After interning with the American Civil Liberties Union of Southern California in 2006, my interest in civil liberties and the struggles that others have endured to preserve them over the years peaked. It was after this experience that I began to seek out others that could augment my existing interest in the law, including activism.
In early September 2008 the Republican National Convention was held in St. Paul, Minn. Armed with a camera and a few spare hours, I headed to St. Paul to photograph the events surrounding the convention. It wasn’t until I arrived that I discovered hundreds of protestors, both in downtown St. Paul and on the front lawn of the State Capitol. Many of the protestors were civil and presented their objections respectfully on signs or through orchestrated chanting. It wasn’t until armed police forced their way into the crowds did I observe discord.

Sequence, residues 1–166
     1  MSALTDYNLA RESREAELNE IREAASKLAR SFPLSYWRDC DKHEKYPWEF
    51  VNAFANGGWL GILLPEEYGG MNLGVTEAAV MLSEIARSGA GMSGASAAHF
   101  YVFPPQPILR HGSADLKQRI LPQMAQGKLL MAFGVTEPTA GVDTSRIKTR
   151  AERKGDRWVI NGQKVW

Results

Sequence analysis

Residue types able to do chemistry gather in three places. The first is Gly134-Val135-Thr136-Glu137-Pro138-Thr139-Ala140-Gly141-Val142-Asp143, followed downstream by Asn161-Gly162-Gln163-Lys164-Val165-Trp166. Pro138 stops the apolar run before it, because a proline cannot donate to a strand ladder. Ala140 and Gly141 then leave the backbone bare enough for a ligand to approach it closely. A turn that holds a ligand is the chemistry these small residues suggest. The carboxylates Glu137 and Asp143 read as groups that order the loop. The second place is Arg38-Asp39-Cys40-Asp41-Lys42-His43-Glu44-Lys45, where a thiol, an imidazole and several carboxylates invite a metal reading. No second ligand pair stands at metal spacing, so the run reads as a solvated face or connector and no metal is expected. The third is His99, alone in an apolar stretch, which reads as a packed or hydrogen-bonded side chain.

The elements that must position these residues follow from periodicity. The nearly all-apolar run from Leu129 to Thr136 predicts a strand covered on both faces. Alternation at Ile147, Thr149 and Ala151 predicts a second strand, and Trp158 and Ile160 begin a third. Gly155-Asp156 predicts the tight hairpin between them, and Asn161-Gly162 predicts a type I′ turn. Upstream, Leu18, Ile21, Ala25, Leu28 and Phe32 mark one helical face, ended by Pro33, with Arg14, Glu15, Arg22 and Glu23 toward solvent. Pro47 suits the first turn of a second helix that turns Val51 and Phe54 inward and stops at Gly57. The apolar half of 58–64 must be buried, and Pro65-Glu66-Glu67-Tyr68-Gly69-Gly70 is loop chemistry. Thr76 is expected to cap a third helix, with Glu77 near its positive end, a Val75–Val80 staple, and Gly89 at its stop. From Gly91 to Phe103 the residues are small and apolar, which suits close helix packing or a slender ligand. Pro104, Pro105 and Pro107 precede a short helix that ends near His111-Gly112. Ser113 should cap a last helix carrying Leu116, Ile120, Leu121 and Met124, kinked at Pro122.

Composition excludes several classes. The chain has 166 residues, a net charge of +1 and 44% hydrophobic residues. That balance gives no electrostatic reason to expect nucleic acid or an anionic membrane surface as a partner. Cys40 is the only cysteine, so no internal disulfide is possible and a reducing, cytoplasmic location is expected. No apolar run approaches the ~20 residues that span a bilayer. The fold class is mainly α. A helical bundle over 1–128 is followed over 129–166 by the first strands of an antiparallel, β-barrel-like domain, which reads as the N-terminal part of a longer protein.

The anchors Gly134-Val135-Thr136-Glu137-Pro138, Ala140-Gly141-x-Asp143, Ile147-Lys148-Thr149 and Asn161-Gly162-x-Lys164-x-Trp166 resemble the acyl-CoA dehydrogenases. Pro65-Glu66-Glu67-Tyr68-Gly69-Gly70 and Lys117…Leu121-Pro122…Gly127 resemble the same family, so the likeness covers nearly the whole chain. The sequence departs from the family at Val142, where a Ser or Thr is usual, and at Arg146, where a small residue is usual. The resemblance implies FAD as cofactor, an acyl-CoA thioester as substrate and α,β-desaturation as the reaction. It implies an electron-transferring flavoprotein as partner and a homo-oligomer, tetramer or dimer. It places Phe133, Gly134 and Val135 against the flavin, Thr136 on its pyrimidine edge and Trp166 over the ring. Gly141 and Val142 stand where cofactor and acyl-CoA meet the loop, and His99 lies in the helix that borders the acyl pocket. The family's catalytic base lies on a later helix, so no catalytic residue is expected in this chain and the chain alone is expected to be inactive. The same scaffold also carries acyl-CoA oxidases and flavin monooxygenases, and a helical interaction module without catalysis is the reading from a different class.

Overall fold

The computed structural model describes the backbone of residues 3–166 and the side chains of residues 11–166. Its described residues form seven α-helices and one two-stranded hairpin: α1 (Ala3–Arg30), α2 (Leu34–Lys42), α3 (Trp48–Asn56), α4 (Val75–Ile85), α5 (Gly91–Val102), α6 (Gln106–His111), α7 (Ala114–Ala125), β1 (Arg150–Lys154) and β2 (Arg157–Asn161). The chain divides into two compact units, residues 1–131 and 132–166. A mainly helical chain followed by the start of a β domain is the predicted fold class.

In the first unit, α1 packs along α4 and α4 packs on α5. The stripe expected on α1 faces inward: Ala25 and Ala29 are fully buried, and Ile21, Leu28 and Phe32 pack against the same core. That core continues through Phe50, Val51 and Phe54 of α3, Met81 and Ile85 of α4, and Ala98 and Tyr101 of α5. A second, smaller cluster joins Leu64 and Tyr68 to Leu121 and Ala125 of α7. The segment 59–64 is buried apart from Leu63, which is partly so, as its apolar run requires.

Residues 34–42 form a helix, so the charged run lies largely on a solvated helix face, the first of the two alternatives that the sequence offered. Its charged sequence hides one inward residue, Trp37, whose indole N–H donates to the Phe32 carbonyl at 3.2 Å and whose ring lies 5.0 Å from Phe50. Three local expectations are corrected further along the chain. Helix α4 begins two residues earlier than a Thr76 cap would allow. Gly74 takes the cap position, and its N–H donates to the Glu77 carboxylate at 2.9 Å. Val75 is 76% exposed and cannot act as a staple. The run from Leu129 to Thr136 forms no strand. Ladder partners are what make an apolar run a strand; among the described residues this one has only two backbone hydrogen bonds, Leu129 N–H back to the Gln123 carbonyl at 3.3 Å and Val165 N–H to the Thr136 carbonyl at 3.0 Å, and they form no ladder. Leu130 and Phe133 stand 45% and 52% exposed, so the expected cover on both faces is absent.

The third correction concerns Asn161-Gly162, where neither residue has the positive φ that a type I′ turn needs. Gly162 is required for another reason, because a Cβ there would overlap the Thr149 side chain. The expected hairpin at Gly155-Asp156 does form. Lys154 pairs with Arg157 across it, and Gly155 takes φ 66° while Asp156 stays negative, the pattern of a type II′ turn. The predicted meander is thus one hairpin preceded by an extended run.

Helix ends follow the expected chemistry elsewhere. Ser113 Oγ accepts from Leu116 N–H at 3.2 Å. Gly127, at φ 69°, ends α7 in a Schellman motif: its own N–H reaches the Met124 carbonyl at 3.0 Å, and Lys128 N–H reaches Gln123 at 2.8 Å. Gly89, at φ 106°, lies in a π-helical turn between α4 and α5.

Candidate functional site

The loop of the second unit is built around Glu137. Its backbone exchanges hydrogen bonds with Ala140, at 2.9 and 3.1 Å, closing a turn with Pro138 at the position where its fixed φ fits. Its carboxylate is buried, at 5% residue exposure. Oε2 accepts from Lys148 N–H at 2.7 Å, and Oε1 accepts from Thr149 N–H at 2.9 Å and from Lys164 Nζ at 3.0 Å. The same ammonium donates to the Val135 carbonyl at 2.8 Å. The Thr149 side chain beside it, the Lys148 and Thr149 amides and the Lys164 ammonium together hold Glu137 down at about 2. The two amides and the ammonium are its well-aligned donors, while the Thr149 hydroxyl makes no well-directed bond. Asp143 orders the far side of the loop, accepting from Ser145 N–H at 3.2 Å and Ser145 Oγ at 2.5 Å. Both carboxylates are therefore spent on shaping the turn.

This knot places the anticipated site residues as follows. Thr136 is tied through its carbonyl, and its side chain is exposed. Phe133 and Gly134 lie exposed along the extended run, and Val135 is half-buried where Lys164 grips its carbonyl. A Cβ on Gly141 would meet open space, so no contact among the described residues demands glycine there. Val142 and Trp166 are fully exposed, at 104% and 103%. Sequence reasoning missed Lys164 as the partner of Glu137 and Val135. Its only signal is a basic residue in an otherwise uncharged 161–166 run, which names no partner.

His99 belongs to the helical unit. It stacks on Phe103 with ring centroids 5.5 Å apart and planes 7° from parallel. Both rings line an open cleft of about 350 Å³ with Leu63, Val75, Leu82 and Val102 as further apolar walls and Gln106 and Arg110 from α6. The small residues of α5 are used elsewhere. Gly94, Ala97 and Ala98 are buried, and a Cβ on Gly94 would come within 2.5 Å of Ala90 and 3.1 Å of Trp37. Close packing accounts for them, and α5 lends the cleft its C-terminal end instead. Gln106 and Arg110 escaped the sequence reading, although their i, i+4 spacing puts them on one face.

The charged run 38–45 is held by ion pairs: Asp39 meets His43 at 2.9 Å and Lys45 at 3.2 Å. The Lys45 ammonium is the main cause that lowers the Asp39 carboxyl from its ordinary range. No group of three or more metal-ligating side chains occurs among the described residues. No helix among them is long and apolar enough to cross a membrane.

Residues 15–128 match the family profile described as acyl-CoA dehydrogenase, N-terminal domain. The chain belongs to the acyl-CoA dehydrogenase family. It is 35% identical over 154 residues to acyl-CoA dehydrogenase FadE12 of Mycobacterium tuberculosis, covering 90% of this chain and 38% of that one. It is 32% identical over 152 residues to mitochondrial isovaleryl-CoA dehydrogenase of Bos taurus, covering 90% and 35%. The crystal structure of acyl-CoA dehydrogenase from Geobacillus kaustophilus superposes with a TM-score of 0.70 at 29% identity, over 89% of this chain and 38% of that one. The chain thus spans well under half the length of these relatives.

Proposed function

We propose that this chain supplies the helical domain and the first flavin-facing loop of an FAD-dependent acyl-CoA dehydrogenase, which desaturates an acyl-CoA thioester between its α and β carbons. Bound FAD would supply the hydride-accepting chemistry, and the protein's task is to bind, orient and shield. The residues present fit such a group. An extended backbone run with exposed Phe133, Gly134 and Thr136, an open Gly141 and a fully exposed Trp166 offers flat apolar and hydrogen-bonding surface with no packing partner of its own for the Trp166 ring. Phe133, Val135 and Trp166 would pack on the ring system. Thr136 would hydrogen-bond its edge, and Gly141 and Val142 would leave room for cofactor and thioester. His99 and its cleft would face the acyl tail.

With perfect timing, the ACLU of Minnesota announced its offering of an Activist Training course. Given my displeasure with the events that I observed during the previous week, I was eager to attend. At the training, Joshua Spaulding of the ACLU’s National Office in Washington, D.C. offered several ideas for how local activists could mobilize others into action. The first step in this process is to articulate an “ask” question. This question consists of a call to action that is couched within the agenda of the asker in hopes of positioning the recipient to actually act.
At its end, I felt much more confident in my ability to approach friends, colleagues, and even my elected officials and ask of them what may previously have felt impossible – to take action. Instead of combating police at protest, empower others to effect change through your own passion for the issue. It all begins with an “ask.”
If you’d like to attend an Activist Training course, our next trainings are this Saturday, September 27, in Novi, Mi., and Columbia, Mo., and Sunday, September 28, in Kansas City, Mo.